Privacy Policy

Privacy Policy for Study Successor

This privacy policy sets out how StudySuccessor.com uses and protects any information that you give us when you use our website or application, visit our website or app, create a password, and/or subscribe to our email newsletter (“the service”).
We know that how we protect your privacy on the internet is important to you. We treat all personal data that you provide to us as confidential and in accordance with data protection laws. This policy sets out what we do with your personal data, including how we use it to provide you with the best experience when using our services.

  1. Our Promise To You: Protection of Your Personal Data
    We promise that we will take great care in ensuring that your privacy is protected and that we will only collect and use your information in the ways described in this Privacy Policy. We offer a secure and trusted environment for the storage and exchange of information, enterprise collaboration software solutions, document management systems for small businesses, financial institutions & private users.

The use of your information is governed by the terms of our Privacy Policy. We are committed to ensuring this Privacy Policy is abided by and your privacy is protected. If you would like to contact us regarding any issues relating to the way we collect, use and store data please contact us through the Customer Service Centre or simply send us a message through our Contact Us page.

  1. What Information Do We Collect?
    We may collect personal data including your name, address, email address, mobile number and phone number from you via our website or app in order to provide services which you have requested from us such as for marketing purposes, or if you make a submission to one of our contests & competitions (collectively “Submissions”).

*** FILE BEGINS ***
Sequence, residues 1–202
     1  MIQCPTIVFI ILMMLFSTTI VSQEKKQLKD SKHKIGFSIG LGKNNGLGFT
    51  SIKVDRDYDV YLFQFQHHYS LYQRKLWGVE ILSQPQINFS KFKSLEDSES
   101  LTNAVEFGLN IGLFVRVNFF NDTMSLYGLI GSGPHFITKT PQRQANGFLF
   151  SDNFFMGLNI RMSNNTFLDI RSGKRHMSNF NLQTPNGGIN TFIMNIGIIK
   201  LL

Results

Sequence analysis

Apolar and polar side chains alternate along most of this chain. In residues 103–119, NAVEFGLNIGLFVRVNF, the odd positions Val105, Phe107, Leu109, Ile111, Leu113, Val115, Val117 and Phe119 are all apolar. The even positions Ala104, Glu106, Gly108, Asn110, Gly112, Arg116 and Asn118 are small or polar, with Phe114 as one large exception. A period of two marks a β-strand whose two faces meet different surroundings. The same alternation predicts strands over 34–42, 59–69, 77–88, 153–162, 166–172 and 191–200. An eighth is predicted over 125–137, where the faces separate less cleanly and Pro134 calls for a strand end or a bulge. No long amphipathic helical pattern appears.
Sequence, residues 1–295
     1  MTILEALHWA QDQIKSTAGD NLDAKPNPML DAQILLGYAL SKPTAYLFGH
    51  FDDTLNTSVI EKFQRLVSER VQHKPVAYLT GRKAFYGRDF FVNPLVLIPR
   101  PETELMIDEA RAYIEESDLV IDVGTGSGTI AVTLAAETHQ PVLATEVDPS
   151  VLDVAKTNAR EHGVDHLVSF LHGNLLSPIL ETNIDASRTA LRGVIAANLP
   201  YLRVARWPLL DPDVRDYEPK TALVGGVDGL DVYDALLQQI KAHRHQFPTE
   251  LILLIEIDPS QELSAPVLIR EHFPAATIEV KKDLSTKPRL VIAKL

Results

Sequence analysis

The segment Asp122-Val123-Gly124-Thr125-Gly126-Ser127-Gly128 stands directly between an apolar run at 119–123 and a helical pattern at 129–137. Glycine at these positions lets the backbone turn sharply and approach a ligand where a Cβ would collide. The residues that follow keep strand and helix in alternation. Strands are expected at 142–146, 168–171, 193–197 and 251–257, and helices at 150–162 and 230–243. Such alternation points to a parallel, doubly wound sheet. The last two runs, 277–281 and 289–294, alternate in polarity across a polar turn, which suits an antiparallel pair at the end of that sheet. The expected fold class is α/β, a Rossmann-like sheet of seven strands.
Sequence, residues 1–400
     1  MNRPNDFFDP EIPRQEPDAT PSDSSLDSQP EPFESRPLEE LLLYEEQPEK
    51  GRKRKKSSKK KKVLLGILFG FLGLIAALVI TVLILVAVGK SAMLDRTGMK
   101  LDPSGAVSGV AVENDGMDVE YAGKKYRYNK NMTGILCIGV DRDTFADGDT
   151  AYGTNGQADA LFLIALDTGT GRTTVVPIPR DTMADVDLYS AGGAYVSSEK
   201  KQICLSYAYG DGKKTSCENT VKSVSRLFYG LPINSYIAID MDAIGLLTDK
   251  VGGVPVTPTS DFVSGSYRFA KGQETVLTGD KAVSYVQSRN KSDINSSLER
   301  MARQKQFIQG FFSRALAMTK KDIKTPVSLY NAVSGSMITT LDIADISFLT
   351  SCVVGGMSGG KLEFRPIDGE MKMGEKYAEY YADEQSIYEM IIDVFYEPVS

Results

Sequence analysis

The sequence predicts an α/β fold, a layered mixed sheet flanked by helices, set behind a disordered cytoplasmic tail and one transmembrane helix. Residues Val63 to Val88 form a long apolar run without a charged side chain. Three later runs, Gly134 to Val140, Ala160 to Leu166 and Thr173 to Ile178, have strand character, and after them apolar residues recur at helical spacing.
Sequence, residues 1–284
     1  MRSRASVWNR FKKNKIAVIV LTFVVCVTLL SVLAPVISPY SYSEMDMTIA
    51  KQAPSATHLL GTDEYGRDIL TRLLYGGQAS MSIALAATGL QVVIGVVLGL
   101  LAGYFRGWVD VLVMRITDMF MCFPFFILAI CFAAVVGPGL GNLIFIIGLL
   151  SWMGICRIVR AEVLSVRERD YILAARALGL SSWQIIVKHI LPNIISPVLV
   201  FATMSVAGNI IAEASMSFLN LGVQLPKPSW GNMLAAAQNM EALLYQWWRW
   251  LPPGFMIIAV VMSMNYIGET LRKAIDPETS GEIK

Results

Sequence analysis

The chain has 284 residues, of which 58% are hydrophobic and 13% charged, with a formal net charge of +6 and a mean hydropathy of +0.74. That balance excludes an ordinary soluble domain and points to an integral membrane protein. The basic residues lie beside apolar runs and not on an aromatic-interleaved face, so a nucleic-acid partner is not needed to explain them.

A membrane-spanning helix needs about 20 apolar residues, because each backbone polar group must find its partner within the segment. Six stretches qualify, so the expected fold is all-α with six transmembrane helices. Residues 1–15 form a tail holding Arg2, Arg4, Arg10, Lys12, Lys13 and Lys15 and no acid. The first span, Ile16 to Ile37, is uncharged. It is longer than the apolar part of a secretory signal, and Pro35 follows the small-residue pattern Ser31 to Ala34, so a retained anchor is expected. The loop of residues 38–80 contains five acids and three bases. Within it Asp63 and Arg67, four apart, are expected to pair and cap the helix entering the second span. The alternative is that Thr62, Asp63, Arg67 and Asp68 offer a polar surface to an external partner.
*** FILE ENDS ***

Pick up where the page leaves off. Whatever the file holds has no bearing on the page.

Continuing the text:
Cookies

  2. If you’ve ever browsed the Internet, you’ve probably seen the small text on the bottom of some pages that says “This site uses cookies to enhance your experience.” These cookies are small text files that websites can leave on your computer. They’re used for many different purposes, but most of them are just used to give the website a better idea of how people use it. Cookies can be used for many different purposes. For instance, some websites use cookies to keep track of which pages you visit, so they can show you ads that are relevant to your interests. Other websites use them to remember you when you return, so they can load your preferences and show you content that you’ve already read. Cookies have been around for a long time. They were first introduced in 1994 by a programmer named Lou Montulli. They were originally designed to make it easier for websites to remember certain bits of information, such as your preferences and which pages you visited. The first cookie was called a “magic cookie”, but today they’re just known as “cookies”. They’re stored on your hard drive in a folder called “cookies”.

We may receive information about you from our third-party partners in order to serve you with relevant advertisements and content that may be of interest to you.

DMCA

The Digital Millennium Copyright Act is a law enacted by the US in 1998 that governs copyright issues relating to digital content on the internet. It has also been interpreted as a way for YouTube, Facebook, and other companies to essentially force users into stifling their creative output. This was brought to the forefront in 2014 with two very specific examples: a small company called Game Reviews and a much larger one called Turner Broadcasting, Inc. [TBS]

TBS (Turner Broadcasting) owns Cartoon Network (C/N). C/N’s series, the show Clarence, featured a character named Clarence, the Catfish.  Clarence, the Catfish, wears a blue t-shirt that says “C/N” on it. It did not take long for TBS to attempt to censor any user who uploaded any picture of the shirt, even pictures in which the shirt was blurred or not visible.
The reason for this is that the Digital Millennium Copyright Act was enacted in 1998  but has gone largely unenforced for over a decade. This new age of internet censorship was not unprovoked, however; it was the result of a lawsuit filed by TBS against another video-sharing website, YouTube. It took until 2010 for the courts to determine that people have the right to post videos from fellow users without fear of legal action from their own employer.

TBS has described this case as “A victory for their First Amendment rights”, while Wikipedia has described it as “a victory for freedom of expression and freedom from government censorship in America.” [4] The suit involved a short animated film called Chicken vs. Egg: The Court Cases. It was uploaded to the site on October 4, 2008 by user Murr_Rae, and was titled ‘TBS v.